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Strategic management Demand planning 4

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The final article in this four-part series explains how integration and alignment combine to make demand planning your lifeline in the recession By Susan Storch, Principal, Oliver Wight Americas

emand planning, often underutilized in the best of times as a means of improving cash flow and profitability, may become your company’s lifeline in a recession. This four-part series discusses demand planning best practices in relation to surviving, and even thriving, in the downturn and emerging in the best possible financial health. Part 1 explored the high benefit potential in cash and profit of demand planning and laid out the three fundamental moves you have to take to achieve it. Part 2 explained the first move, quickly designing best practices into your demand planning process. Part 3 addressed the second move, equipping people to run at best practice process capability. The final article in this series examines the third fundamental move, integration and alignment. If you have been following this series, you know that the demand planning lifeline has been thrown, a strong line snaking out, guided by capable hands. There was the pitch and now there has to be the catch. Winning with demand planning Remember that the demand plan we have been talking about contains the business’s revenue projections based on planned marketing and selling activities to achieve them. Marketing and sales reached consensus on a plan, and now marketing and sales have to execute the plan — “the pitch and the catch.” This is the third fundamental move: integrating and aligning the upgraded demand planning process with other commercial execution processes and also with product development, supply chain, and finance. Winning with demand planning takes the engagement and synchronization of the entire business in the catch. Given a portfolio of desirable products and services and adequate financing, it is marketing that is the leading link in the chain of events that ends with a satisfied customer. The demand plan sets the drive chain in motion. A tug on the chain and the rest of the linkage follows: money is spent and resources are consumed. This is not to downplay the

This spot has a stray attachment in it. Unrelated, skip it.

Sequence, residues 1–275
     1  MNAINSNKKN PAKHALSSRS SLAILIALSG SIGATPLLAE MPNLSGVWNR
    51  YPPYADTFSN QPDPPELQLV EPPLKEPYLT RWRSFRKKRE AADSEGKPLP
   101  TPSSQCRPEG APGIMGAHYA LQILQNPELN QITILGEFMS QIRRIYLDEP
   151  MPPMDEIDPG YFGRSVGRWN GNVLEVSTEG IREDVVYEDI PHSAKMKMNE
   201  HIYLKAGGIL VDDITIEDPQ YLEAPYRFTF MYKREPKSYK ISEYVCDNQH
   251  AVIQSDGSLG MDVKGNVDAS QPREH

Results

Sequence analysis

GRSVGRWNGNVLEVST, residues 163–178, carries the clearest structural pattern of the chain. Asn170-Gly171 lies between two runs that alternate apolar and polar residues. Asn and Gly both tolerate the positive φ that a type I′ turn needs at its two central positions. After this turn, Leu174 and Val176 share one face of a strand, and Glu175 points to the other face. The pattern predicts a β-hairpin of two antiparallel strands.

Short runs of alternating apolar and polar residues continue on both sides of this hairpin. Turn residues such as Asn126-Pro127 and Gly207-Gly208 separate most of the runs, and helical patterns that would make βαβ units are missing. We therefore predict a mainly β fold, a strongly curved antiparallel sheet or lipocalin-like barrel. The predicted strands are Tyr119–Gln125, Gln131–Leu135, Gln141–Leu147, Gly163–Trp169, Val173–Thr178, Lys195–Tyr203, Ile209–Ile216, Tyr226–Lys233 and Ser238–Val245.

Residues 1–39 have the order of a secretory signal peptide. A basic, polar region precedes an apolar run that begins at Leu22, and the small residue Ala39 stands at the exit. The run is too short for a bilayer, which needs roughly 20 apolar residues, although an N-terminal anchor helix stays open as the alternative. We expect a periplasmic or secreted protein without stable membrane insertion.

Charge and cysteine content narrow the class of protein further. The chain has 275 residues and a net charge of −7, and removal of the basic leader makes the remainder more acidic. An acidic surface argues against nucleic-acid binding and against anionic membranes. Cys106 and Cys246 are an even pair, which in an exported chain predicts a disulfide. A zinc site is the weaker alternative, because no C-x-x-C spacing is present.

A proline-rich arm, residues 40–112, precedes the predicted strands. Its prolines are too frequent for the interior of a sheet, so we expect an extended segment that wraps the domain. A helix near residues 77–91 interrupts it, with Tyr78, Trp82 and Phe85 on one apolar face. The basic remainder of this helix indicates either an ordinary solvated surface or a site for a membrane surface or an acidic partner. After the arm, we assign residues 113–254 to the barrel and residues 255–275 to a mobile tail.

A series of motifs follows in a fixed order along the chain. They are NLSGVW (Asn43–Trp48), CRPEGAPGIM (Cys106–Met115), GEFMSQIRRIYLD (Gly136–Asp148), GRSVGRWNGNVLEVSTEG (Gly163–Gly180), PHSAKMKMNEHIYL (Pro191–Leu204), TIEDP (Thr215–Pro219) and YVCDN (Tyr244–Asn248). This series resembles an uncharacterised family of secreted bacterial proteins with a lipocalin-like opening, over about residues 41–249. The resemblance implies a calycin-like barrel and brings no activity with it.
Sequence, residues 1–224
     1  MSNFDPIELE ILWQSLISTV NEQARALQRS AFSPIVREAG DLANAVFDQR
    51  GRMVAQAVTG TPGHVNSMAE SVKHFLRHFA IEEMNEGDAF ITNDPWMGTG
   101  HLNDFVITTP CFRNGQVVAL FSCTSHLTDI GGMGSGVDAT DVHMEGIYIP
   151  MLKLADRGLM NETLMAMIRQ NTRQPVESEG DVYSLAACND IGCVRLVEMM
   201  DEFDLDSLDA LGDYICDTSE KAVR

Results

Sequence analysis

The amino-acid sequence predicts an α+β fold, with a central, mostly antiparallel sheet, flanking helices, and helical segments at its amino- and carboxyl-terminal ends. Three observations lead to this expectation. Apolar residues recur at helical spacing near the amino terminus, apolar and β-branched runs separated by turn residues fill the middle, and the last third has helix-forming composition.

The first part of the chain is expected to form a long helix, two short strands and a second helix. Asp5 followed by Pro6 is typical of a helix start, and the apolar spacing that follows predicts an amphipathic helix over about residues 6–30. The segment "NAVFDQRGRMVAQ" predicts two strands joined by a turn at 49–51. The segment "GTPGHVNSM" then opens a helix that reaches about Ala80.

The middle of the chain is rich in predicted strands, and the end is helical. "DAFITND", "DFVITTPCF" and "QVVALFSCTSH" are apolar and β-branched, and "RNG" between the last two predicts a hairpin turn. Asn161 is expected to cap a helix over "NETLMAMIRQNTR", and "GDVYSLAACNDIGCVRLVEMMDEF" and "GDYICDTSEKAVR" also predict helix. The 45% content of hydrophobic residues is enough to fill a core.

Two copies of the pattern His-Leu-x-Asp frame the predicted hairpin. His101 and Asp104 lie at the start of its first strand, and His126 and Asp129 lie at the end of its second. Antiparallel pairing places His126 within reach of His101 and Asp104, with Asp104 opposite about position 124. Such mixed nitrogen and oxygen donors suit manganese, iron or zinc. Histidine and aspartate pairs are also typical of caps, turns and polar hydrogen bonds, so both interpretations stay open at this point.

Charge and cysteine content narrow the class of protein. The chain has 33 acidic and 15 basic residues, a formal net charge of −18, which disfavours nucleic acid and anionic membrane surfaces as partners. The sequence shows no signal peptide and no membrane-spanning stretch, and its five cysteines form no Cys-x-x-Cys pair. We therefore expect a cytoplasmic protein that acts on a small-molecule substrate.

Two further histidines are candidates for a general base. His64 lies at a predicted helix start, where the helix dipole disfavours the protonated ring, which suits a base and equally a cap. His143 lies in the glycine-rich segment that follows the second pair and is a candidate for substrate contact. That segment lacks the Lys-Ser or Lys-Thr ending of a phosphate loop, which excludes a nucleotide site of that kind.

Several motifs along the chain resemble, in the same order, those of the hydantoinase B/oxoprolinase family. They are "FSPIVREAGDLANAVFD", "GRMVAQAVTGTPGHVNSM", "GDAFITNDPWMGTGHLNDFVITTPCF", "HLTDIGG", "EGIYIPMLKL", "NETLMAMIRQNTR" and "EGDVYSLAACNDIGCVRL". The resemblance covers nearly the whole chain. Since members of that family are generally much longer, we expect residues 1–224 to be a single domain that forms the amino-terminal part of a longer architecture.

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importance of any one function, but actually to emphasize the equal importance of all in the success—or failure—of customer delight, that sweet result that leads to more sales, more profitably delivered. Without follow-through, demand planning is a waste of time. Execution In customer-facing business organizations, demand plan follow-through is spelled “execution.” In the altered dynamics of a recession, customer and consumer behaviors change in unexpected ways. The norm is no longer the norm, and in executing the demand plan we discover where our assumptions were “off.” Explicitly defined actions to create or shape demand may need to be fine-tuned or drastically altered as the reality of customer orders and consumer sales unfolds. Mining this mother lode of learning opportunity is often mistakenly left purely to the puny pickaxe of human memory. Unfortunately, people come and go with greater frequency than recessions, and often because of them (especially the old guys with the longest memories and biggest paychecks). Follow-through starts with timely execution of the demand plan. One company I was working with as the recession hit developed a demand plan that incorporated price increases to compensate for radically escalating commodity prices. Sales had participated in and committed to the consensus demand plan, yet delayed in communicating increases to customers for fear they would take their business elsewhere. Time told the truth, that customers did not appreciably reduce orders, but meanwhile revenues were lost and margins went “under water.” Had the sales force been incented purely



“Integrated business planning is...
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